Amri did remain on the radar of the German security services; The Wall Street Journal reported that officials had met seven times to discuss his activities. Authorities even rejected his asylum claim in June, but were unable to deport him because he lacked a passport and Tunisia would not confirm his citizenship. (Documents confirming his identity, which would have paved the way for his deportation, did not arrive from the Tunisian government until two days after his strike on the Christmas market.)

Soon after the attack, right-wing nationalists moved quickly to pin the blame on Merkel's open-border refugee policy and to exploit the heightened security concerns it has generated, despite the fact that Amri apparently arrived in Germany before Merkel introduced the initiative in August 2015. More than one million asylum seekers have made their way to Germany since Merkel eased entry restrictions in response to the European refugee crisis. While the move earned her plaudits around the world, her popularity on the home front has dipped amid the rising security concerns.

Following the Christmas market attack, the leadership of the anti-immigrant Alternative for Germany (AfD) called the victims, “Merkel’s dead.” Some of her allies responded to the attack with demands for migration and security reforms, while domestic intelligence officials acknowledged the risk of terrorists hiding among the new arrivals. Others defended the state’s efforts within the confines of current security laws. “I think security authorities went to the maximum limit of our state of law. They did everything they could and were allowed to do,” Ralf Jäger, the interior minister of North Rhine-Westphalia, where Amri lived briefly, told The Wall Street Journal.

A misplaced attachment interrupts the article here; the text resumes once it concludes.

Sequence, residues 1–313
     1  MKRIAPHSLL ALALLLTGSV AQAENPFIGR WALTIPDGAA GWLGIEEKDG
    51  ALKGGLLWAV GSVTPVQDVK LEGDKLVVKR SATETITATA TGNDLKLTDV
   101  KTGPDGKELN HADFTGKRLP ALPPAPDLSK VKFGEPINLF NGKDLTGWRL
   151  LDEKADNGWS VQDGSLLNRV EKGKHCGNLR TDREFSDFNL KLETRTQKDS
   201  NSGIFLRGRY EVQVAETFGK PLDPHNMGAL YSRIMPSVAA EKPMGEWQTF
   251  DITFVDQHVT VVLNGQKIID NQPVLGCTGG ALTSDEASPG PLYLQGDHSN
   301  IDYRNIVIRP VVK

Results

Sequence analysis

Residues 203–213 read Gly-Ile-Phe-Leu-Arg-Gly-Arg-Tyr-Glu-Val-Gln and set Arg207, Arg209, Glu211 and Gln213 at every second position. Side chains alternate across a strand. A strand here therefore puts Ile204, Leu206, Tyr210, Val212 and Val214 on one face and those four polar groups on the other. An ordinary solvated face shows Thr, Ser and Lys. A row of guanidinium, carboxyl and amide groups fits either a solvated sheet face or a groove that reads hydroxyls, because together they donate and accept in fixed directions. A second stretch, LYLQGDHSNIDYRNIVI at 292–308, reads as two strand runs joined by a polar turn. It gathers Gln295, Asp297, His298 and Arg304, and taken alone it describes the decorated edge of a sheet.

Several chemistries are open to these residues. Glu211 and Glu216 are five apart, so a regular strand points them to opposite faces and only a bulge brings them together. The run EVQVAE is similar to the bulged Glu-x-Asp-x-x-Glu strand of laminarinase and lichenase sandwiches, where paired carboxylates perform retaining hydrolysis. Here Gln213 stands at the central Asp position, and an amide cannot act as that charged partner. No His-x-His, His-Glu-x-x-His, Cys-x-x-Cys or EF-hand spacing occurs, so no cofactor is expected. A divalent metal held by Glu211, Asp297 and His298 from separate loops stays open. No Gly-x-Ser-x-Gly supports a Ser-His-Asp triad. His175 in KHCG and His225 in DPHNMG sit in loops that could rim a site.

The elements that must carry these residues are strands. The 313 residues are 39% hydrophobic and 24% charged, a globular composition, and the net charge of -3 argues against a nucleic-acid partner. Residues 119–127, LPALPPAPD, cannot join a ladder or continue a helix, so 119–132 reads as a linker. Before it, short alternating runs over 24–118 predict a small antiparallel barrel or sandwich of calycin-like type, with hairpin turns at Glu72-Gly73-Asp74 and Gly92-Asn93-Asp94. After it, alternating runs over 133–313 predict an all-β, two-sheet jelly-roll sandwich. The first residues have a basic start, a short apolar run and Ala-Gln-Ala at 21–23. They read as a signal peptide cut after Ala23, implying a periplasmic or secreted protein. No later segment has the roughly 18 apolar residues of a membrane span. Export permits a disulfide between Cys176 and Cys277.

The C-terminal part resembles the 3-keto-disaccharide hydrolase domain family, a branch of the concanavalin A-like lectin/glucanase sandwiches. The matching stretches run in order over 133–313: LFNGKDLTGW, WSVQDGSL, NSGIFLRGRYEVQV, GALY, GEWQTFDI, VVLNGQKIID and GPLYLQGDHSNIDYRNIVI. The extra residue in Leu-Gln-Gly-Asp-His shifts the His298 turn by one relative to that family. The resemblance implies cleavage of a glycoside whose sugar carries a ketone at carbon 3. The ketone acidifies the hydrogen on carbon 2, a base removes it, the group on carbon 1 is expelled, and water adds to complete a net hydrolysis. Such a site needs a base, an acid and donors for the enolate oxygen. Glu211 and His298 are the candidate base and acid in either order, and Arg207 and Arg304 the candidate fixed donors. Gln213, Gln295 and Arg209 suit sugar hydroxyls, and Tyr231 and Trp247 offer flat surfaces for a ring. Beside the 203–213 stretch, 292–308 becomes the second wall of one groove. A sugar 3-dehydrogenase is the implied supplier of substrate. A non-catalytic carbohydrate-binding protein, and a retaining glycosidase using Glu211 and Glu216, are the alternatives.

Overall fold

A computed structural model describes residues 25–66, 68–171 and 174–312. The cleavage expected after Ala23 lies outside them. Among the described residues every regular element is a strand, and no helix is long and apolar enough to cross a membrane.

Ahead of elections later this year, members of Merkel's government have sought to stave off criticism from nationalist opponents with targeted proposals to expand the state’s security capabilities, including using ankle bracelets to monitor people thought to be a security threat and granting the state broader detention powers for asylum seekers. A list of sweeping proposals offered by the Interior Ministry and backed by Merkel also call for centralizing the intelligence services and strengthening a federal police force that, under current law, is only allowed to operate in transportation hubs and near borders. Though the proposals must still be approved by parliament, security services have already stepped up their activities, introducing a new tool to analyze terrorist threats and conducting a raid on 50 sites last week.

But that operation netted only one arrest, and added to the antipathy the proposals have drawn from some circles. The general secretary of the Social Democrats (SPD), Merkel’s coalition partner, has dismissed the “knee-jerk calls” to tighten security laws, as part of a broader outcry against increasing surveillance and centralizing security.

Meanwhile, Merkel’s government has stuck with its open-door policy. This response—holding the line on a liberal refugee program and patching up the gaps that Amri exploited—bears all the hallmarks of the her customary pragmatism: Without blunting her stance on refugees, she aims to tout policies designed to counter the terrorist threat in the run up to the September vote, depriving the AfD and other opponents of a potential cudgel.